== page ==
Saving money by minimizing water usage and increasing efficiency is a noble cause. Upgrading the plumbing, fixtures, and piping systems of a small home is enough of a challenge. It is extremely complex, precise work. If it is not done correctly, water and money are wasted at profound levels, not to mention the costs for implementation and installation of water saving measures.
Now imagine upgrading the water system of the 6.2 million square feet, casino laden, guest room mansion that is the famous Caesars Palace in Las Vegas, Nevada—one of the most water-challenged areas in the entire country. That’s exactly what Rob Morris, corporate director for enterprise utilities and engineering with Caesars Entertainment (owner of Caesars Palace), and his crew did. As you can easily assume, countless obstacles stood in their way.
Morris and his crew had a lot on their plate. Perhaps the most problematic challenge: How to minimize disruptive construction activities that would affect the countless doings that happen at The Palace. With a constant barrage of guests, tourists, workers, media, and more, the crew did their utmost to keep the work zone free of any obstacles and obtrusive behavior. Furthermore, Morris had to find a way to mesh the in-house working staff with outsourced contractors. Although the in-house staff took care of changing aerators, showerheads, and the-like, outside contractors completed the heavy lifting of the upgrade. Thankfully, they were able to complete the project with minimal problems or major flaws.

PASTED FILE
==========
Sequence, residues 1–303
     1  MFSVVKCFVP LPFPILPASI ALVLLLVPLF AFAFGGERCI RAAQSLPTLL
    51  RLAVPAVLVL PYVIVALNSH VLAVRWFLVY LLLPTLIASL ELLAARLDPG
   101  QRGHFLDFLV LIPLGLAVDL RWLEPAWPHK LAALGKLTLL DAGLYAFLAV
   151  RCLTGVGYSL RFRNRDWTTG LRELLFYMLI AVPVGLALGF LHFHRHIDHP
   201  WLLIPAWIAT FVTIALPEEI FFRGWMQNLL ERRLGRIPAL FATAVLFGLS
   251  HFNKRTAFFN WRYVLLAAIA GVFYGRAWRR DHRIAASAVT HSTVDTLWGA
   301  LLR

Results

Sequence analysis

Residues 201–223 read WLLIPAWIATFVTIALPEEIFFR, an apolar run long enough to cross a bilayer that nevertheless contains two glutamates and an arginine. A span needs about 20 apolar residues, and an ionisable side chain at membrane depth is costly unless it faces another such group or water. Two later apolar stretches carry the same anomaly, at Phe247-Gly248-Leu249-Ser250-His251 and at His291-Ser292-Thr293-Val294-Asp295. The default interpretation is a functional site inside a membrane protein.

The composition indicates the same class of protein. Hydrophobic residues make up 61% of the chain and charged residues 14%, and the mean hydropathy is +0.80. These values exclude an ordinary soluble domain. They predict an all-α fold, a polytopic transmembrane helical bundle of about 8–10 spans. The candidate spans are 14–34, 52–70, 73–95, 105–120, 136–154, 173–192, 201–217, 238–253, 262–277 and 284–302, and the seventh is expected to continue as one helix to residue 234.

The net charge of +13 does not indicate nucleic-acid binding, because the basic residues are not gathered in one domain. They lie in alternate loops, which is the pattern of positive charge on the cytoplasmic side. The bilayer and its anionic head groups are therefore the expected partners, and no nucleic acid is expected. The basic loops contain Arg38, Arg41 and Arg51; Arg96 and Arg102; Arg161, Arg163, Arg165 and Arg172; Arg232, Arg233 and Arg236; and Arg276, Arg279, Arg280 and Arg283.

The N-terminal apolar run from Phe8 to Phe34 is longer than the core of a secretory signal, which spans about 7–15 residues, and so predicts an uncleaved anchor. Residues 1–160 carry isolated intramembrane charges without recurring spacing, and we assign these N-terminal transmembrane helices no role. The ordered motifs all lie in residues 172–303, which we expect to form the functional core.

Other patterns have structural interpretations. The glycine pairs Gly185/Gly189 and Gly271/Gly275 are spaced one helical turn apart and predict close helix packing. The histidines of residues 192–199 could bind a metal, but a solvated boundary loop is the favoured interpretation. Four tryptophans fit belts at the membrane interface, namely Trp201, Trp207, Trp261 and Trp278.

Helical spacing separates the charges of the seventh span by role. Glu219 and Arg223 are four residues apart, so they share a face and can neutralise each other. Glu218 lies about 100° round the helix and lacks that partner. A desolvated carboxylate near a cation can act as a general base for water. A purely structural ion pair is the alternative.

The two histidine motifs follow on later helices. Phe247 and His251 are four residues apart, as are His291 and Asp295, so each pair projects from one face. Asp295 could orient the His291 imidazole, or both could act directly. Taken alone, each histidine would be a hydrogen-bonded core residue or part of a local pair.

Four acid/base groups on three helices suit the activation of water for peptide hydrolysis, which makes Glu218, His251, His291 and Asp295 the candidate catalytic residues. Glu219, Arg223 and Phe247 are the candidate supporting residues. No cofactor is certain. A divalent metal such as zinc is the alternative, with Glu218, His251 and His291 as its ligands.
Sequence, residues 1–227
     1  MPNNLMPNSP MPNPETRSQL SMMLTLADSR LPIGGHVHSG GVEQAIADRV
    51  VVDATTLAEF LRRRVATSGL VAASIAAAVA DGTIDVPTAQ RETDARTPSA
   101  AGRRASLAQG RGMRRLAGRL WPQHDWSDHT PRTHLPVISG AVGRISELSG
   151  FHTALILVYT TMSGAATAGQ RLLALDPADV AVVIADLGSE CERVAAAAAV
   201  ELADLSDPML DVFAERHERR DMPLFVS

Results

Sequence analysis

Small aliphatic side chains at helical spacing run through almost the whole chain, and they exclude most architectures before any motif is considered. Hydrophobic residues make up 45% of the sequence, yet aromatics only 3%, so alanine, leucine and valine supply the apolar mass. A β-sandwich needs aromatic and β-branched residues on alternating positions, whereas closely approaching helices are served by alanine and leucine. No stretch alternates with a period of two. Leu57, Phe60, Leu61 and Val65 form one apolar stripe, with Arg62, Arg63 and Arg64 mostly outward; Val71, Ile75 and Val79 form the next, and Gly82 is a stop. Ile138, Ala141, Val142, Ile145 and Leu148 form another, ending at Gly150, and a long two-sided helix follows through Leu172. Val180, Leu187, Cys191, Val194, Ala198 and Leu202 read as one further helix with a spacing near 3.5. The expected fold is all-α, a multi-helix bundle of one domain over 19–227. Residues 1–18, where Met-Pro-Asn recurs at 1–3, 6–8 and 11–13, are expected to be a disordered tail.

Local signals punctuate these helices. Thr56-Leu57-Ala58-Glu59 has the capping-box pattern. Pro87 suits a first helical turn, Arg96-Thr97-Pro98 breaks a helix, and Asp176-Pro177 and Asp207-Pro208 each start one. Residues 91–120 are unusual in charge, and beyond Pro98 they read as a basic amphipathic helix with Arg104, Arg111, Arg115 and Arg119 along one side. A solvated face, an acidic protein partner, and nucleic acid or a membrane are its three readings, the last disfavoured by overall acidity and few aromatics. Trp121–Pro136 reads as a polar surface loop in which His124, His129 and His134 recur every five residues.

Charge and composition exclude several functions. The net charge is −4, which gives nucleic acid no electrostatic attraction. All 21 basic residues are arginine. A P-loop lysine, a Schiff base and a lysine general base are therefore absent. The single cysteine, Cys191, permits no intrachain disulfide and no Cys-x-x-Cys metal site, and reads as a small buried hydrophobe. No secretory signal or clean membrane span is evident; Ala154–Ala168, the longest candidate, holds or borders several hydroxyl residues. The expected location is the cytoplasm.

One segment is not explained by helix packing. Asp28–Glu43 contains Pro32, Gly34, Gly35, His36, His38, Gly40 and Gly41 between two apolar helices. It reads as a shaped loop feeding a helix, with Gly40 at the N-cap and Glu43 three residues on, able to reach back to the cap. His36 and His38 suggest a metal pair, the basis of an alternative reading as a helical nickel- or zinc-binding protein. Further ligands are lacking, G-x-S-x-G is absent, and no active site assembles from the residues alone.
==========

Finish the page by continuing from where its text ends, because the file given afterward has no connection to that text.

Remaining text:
Based on the statistics and data from 2008, the CodeGreen program set extremely intense water reduction goals. They mandated that water usage must decrease by 10 percent by 2015 and by 15 percent in the year 2020. Although numbers for 2014 and 2015 are not yet available, through 2013 Caesars Palace’s upgrade has been quite successful. They have increase their facilities by 11 percent, but have dropped their water usage levels by 18 percent since 2008.
Reducing water usage at your facility is becoming more of a bottom-line issue every year as water becomes more scarce and costly through California. Next month we’ll be publishing a list of 10 ways your commercial facility can save water. In the meantime, we’d like to hear from you about ways you have reduced water usage at your facility. We may include it on our list and if you desire, credit you or your company in the article. Email your water saving tip to: firstname.lastname@example.org